A Masculine Bookshelf

Tomorrow [26th August 2017] we will finally bear witness to the long-awaited Mayweather (Champion Boxer) VS. McGregor (UFC Champion) fight and man, has it been a long time coming. I don’t follow either sport but even I’m eager to see the outcome. It’s a “pretty macho” event and with all this testosterone in the air I’m feeling the need to deviate from my usual pink and flowery repertoire and pick up something a bit more traditionally masculine.

I’m a firm believer that readers can engage with any genre of book regardless of their own age or orientation (you should see the way I ranted about (YA book audiences) so if you fancy picking up something in tune with this week’s vibe check out one of the following:

Fight Club by Chuck Palahniuk

This list would be very odd without this absolute treasure of a book. Fight Club is an all-consuming kind of read and one I will never let go of. This book disects not only the guts of masculinity but also the bowels of consumerism, replication and the psyche as well – not to mention its take on violence. Palahniuk writes a vidceral narrative with a poignancy that’s almost impossible to replicate.

It’s a gritty story about the modern man and… well… I’d say more but I really shouldn’t talk about it…

One Flew Over the Cuckoos Nest by Ken Kessey

In this modern classic we get a typically masculine, boisterous, male rebel in an oppressive environment. Our hero (of sorts) moves from a prison institute to a mental facility and rallies his new troops in a fierce retaliation against authority. What ensues is nothing short of intense.

There is a huge war of wills – a relentless fight for power – between McMurphy and Nurse Ratched the iron fist controller of the whole ghastly operation. It’s a tale of strength and struggle and really is one worth reading.

On Boxing by Joyce Carol Oates

In her anthology, On Boxing, Oates chronicles boxers from Jack Dempsey and Barry McGuigan to Joe Louis among others. This one highlights the sport from a variety of standpoints and explores the sport as a spectacle from both literary and female perspectives.

If you’re looking to really re-evaluate how you look at the sport or are curious about its history then this collection of essays is definitely an interesting take on it and may well be worth your consideration.

The Art of War by Sun Tzu

Nothing really screams “MEN!” (and echoes ‘patriarchy’) quite like military strategy. But then the history of war was dominated by men so I guess that makes sense. Sun Tzu’s The Art of war is an ancient doctrine on the very subject. It’s an incredibly interesting and influential tome that was actually only translated for the western languages in the 1700s; It may even have inspired Napoleon!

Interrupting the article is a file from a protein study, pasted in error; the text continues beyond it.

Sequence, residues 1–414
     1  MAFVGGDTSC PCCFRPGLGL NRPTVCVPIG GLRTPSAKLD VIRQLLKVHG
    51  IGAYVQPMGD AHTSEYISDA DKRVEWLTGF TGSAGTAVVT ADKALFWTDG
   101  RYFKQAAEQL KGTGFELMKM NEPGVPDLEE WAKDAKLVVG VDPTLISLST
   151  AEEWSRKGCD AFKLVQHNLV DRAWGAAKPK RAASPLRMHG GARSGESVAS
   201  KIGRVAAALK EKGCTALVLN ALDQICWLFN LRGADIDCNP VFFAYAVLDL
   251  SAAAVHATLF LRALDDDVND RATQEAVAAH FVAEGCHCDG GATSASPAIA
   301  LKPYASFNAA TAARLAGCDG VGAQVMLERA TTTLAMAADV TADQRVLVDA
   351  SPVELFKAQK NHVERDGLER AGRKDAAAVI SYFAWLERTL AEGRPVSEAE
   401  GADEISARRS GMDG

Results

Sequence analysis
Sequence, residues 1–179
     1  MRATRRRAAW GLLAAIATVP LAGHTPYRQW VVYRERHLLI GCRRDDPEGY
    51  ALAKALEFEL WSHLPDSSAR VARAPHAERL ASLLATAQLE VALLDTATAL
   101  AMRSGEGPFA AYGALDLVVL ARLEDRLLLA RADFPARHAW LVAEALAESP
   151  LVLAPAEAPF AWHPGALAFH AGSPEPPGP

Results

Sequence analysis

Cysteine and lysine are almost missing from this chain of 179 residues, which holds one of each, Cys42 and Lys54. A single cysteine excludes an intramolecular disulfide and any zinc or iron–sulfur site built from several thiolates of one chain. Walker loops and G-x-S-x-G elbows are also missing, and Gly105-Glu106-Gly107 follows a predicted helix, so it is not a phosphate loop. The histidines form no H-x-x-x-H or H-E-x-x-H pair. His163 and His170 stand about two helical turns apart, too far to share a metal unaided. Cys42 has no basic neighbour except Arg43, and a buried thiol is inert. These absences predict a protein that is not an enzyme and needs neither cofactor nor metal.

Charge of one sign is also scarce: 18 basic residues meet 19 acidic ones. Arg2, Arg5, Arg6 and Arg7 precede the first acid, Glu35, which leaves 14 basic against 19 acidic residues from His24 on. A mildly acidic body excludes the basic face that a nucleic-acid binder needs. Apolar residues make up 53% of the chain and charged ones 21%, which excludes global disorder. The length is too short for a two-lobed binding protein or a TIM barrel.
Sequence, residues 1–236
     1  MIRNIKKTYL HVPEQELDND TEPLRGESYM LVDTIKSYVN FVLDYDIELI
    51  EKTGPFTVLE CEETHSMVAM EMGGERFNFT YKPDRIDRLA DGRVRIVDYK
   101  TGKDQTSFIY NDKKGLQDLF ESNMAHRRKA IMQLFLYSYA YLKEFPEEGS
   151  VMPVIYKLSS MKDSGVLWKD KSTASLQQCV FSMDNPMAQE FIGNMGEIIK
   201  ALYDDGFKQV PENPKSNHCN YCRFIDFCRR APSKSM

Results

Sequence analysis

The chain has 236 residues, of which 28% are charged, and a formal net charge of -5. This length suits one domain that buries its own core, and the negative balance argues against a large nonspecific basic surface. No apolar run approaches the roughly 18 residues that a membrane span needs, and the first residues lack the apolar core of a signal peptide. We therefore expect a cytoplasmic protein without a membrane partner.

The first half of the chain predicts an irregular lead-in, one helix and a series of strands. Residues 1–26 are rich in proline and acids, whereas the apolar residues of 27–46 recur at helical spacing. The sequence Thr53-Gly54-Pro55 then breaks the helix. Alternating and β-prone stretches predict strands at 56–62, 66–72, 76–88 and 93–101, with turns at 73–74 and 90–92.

It’s often reported to read as very anecdotal but certainly is a fascinating piece of history and, if you’re interested in military strategy, is a must read.

The Way of Men by Jack Donovan

Amazon describes this book as offering ” a simple, straightforward answer-without getting bogged down in religion, morality, or politics” to the question “What is masculinity?”

They go on to say that  “[t]he Way of Men captures the silent, stifling rage of men everywhere who find themselves at odds with the over-regulated, over-civilised, politically correct modern world. If you’ve ever closed your eyes and wished for one day as a lion, this book is for you.”

Having not read this one yet I have to say it certainly has me intrigued and definitely strikes me as the kind of thing that really explores what it is to be masculine. Have you read this? Let me know in the comments!

Empress Orchid by Anchee Min

This is kind of my “wildcard” choice for this list. It’s wholly about a female leader (and a powerful one at that), Empress Dowager Cixi. It’s a historical fiction about the fall of the Chinese Dynasty and one I never thought would be to my tastes.

The reason it made the list is that it is so very interesting when read from a gendered perspective. Seriously, if you want to read something brutal you should always look to history. It’s got everything you’d consider masculine in a book: power plays, war strategies, battle scenes and brutality and it’s an absolutely captivating read.line If these books don’t get you in the mood to see a fight I don’t know what will. Whoever wins it’s sure to be an event for the history books! In the immortal words of Chuck Palahniuk “everything up to now is a story and everything after now is a story” and the world is waiting to see how this one ends.

I’m not as in touch with my masculine side as I could be (I’m wearing pink fluffy slippers and watching “Say Yes to the Dress” as I write this) so I’m sure you lot can think of a few better masculine reads than I can. Let me know in the comments! Happy Battles!

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